ID Check: Paul Foley

Privately sweating DJ
By CAMILLE DODERO  |  February 2, 2006

Paul FoleyMaybe I should have taken Paul Foley up on his suggestion to meet in his Malden bathroom (“the only place I can really hang”) or “in a tub of oatmeal.” Either scene would have been representative of the musician’s electro-retro and party-rap catalogue — a homegrown oeuvre that’s all at once sexy and sloppy, deliberate and daffy, potty-humored and ironic. Slice Har Mar Superstar in half, soak him in New Order’s juices, then rinse with a Weird Al–inspired joke-hop flow, and you might get something like DJ Paul Foley.

“I usually stand out in a crowd,” Foley informs me before we meet. And he does. Found alone by the bathrooms of the Milky Way — the Jamaica Plain joint where he spins old-school dance classics with five other DJs every Thursday for “Aquanet” — the 30-year-old Boston University grad is decked out in fingerless biker gloves, plaid pants, and a teddy-bear-plush faux-fur coat. Hoop rings hook onto each nostril. “I’ll tell you anything you want to know: my waist size, foot size, the color of my kneecaps,” Foley offers once we settle down at a table beside the booth. (For the record, they’re 36, 12, and purple — cold weather turn his joints violet.)

In high school, Foley formed a rap group called Falsehood that rhymed at school dances and wrote lines like, “I’m so dope that when I smoke, blunts get high off of me.” Mister Jason, now of the Porn Theatre Ushers, became Falsehood’s DJ. They rapped on Emerson’s WERS and opened for Coolio. But in 1998, six years into the game, Foley “just got sick of hip-hop. I’m too old to grab my balls and talk about how good I am.”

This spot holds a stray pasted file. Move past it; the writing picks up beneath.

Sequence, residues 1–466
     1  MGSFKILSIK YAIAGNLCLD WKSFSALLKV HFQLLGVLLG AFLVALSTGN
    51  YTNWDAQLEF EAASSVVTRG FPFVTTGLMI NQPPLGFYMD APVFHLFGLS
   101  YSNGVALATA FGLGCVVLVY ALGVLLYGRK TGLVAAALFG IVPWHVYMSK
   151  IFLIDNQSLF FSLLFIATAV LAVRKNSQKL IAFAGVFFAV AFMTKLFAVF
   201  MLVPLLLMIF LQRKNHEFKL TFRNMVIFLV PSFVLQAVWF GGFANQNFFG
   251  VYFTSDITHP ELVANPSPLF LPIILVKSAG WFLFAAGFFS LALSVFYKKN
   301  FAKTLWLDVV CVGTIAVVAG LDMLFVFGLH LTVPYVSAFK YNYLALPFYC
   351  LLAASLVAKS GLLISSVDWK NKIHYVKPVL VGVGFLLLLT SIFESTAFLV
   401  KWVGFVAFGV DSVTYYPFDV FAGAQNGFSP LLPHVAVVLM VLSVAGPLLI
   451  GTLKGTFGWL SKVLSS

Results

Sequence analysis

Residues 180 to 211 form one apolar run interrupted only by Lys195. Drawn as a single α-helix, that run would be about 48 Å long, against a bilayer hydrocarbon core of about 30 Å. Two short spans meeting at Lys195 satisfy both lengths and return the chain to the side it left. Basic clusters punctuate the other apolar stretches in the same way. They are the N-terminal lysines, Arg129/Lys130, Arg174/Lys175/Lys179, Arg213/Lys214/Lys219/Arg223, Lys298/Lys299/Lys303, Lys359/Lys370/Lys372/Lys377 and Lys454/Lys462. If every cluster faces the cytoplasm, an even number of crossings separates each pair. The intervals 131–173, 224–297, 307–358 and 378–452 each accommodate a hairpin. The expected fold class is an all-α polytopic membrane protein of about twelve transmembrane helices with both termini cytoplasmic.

From there, Foley, who works as a case manager for psychosocial services, taught himself drums and how to program a digital 12-track and over four years released four records of rhymes, synths, and beats. There was Pu Pu Hot Pot (2003), named after the Central Square Chinese-food joint. (“I can’t believe there’s a restaurant called the Pu Pu Hot Pot — blows my mind.”) There was Nappi Meats, another record christened after a real place, specifically a grocery store Foley photographed on Route 60. (“I picture getting a steak with pubic hair on it. I’d throw up.”) But a few other song titles pretty much nail his attitude and aesthetic: “Wet Donuts,” “Cute Girls,” and “Yellow Panties.”

Foley conceived the chorus of arguably his best song — a new-wave synth-soothed proposition, “Naked 2Nite” — while eyeing “hot punk-rock girls” at the Paradise Lounge’s defunct hipster-dance night Start! In it, he reassures his self-conscious muse that he won’t find her stretch marks gross: “You’re insecure about your weight/A little junk inside the trunk is great, baby/I just can’t wait.”

“I’m always, like, flattered when someone takes their clothes off around me,” says Foley. “I can’t believe this person trusts me. That alone is the greatest thrill. But that’s cheesy to have a song called ‘Seeing you Naked is the Greatest Thrill.’ Who the hell wants to listen to that crap?”

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